We Must Resist Trumpism In Colorado

(Promoted by Colorado Pols)

“All that is necessary for evil to triumph is for good men to do nothing.”~Edmund Burke

The Dachau Death Train. German people that did not speak up in time were left with a terrible moral burden when they had to face the brutal reality their inaction enabled.

When I was about nine years old my parents took me to Dachau. We were living in Stuttgart, on a U.S. Army base and it was 1975. The Wall still divided Berlin into East and West, and Red Brigades like the Baader-Meinhof Gang were causing troubles.

The experience still stands as one of the most deeply formative of my life. I was distraught looking at the images of Nazis experimenting on humans, of the piles of corpses, of the cold and clinical way a modern society justified and turned a blind eye to hatred, scapegoating and murder.

So I do not tolerate Nazis well. “White Nationalism” raises a bile in my stomach and a resolve in my will.

Seeing it here in my beloved Rocky Mountain home breaks my heart. But I am not cowed, I will resist and speak out against Trumpism wherever it arises.

Church in Dillon, Colorado tagged with pro-Trump pro-Nazi graffiti in 2016.

Recently that was in Dillon, Colorado.

The Lord of the Mountains Lutheran Church in Dillon was targeted with offensive graffiti last night, marking the fourth reported case of political vandalism in the past two months. The graffiti, sprayed on the side of the church overlooking Dillon Valley, was wide-ranging, including satanic symbols, a swastika, a phallic symbol and “F*** Jesus Trump 2K16.”

In suburban Highlands Ranch we learn of a father called “f****t”  (and “Hillary voter”) by a store manager at Floor & Decors in front of his four-year-old son, then followed with his small boy by a pro-Trump customer to his car and further harassed.

The Grand Junction Daily Sentinel reports race-based harassment has spiked at schools in the district.

Alice Dussart, an elementary teacher at a local charter school, said the comments she’s heard from young students in recent months are unprecedented in her nine years of teaching.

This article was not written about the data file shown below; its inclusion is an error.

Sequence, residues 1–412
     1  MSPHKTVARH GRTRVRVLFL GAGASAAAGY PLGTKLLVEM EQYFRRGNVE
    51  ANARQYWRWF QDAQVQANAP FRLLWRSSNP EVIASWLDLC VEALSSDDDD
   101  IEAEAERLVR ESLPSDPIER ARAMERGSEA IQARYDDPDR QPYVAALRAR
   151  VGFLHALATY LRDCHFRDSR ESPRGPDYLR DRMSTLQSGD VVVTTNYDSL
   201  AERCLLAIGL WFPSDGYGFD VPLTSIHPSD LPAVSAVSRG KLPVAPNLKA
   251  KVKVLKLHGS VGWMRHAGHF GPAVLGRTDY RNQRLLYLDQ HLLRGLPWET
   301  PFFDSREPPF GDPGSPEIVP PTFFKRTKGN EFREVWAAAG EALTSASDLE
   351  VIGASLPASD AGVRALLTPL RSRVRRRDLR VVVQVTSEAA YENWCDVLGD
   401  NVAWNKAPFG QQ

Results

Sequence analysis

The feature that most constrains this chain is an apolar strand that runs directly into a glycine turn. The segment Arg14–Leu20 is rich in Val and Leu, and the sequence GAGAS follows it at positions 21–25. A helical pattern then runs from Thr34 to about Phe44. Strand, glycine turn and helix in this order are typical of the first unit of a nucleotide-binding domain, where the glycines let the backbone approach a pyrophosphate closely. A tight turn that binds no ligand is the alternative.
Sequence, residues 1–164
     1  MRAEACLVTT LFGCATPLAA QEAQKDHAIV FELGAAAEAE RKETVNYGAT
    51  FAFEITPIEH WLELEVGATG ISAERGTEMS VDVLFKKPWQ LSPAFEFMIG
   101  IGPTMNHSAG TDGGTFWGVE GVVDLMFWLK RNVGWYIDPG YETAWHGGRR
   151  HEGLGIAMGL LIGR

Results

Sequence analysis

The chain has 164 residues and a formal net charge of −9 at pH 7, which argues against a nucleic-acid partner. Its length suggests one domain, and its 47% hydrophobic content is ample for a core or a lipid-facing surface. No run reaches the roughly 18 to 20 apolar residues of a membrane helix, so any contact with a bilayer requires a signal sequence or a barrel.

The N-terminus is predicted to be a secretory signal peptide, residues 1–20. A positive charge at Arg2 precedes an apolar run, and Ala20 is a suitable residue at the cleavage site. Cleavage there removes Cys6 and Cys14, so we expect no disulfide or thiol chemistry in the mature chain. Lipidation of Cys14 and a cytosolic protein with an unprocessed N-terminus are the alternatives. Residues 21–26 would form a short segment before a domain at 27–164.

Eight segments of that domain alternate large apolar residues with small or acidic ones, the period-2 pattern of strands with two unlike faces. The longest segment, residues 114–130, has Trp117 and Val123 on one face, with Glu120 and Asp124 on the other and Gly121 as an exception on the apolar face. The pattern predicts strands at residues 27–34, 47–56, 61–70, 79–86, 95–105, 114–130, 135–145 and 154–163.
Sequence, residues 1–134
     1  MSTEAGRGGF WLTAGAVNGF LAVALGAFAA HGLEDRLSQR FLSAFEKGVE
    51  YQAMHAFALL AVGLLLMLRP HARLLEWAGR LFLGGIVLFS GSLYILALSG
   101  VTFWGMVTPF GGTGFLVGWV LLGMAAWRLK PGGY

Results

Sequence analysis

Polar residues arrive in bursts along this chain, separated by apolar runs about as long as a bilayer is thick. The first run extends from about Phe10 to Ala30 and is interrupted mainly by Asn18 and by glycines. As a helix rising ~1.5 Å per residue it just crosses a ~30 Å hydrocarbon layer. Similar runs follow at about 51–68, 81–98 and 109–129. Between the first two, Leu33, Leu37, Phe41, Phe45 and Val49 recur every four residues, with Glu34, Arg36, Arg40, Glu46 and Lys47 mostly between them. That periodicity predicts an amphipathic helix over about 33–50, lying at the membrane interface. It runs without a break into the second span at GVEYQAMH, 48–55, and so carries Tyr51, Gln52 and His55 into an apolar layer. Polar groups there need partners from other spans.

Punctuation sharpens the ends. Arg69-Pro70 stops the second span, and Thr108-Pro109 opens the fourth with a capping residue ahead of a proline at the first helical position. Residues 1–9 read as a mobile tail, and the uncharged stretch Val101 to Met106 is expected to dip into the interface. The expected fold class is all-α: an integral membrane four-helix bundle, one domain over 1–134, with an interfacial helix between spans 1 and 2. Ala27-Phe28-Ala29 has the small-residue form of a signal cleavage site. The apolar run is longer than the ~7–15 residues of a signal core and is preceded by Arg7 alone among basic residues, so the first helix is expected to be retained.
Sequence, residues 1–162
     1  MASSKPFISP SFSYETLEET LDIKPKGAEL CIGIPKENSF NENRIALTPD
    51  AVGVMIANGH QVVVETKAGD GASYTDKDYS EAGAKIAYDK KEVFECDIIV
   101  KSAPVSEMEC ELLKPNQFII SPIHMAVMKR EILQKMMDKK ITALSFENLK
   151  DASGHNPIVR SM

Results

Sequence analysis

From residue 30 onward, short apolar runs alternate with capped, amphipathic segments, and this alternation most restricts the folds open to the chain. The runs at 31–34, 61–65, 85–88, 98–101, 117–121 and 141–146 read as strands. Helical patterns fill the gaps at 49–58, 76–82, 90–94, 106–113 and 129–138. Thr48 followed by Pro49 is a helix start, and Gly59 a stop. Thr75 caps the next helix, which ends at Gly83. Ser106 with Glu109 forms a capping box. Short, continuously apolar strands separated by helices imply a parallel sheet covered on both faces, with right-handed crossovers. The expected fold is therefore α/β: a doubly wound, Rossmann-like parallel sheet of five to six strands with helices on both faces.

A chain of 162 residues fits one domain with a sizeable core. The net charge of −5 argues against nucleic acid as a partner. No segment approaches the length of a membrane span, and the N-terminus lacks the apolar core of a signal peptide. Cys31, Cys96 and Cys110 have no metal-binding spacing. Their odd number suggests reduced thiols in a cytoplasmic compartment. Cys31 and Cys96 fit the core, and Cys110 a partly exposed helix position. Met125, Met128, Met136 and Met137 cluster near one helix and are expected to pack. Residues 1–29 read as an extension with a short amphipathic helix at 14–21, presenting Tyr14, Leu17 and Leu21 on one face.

“I’ve had kids try to keep other kids off of playground structures because they look Mexican,” Dussart said. “Those play structures where that child was not allowed to go play — the other students are calling them Trump towers. I’ve had kids using the ‘N word’ on the playground … and I’ve definitely heard more of boys objectifying girls’ bodies at a younger age.”

Kirk Golba’s daughter attends Fruita 8-9 and is half-Mexican. When she came home after school on Nov. 9, she told her father that her classmates were saying she was going to know what it’s like to be deported.

“When you hear them talk about that happening, it’s kind of like a punch in the gut,” Golba said.

Immediately after the election, in which Donald Trump the apparent Electoral College winner garnered more than two million fewer votes than Hillary Clinton, we learned of the vandalism of a woman’s car in Denver as reported in the Post and elsewhere.

For Amber Timmons, the hate came from all directions after Donald Trump was elected president.

Someone painted anti-LGBT graffiti, Trump’s name and a swastika on her SUV. A Latino friend was harassed with an ethnic epithet at an Aurora gas station. And across the street from her Cheesman Park apartment, Timmons could see red paint splattered across a “Black Lives Matter” banner hanging on the wall of a church.

Proud Trump supporters give Nazi salute. America 2016.

In Colorado Springs the same rise in targeted hate, according to an article in the Gazette.

At Cheyenne Mountain Junior High School in Colorado Springs, there were several fights, including one involving a Jewish student and anti-Semitism, and a slew of racial and ethnic slurs spurred the principal to send parents a warning letter, The Gazette reported Wednesday.

This rise in hate is not limited to Colorado, but is being seen across the nation. In California mosques were sent notes praising and predicting genocide against Americans that practice Islam. In DC Neo-Nazis responded to a call from the podium to “Hail Trump!” with sieg heil Nazi salutes.


It was on a recent business trip to Washington DC that I found myself with a few extra hours on my hands, so I wandered into one of the Smithsonian buildings. In this case it was the Museum of American History.

At the exhibit on the internment of Japanese Americans during WWII I stopped to snap a picture, and send a tweet: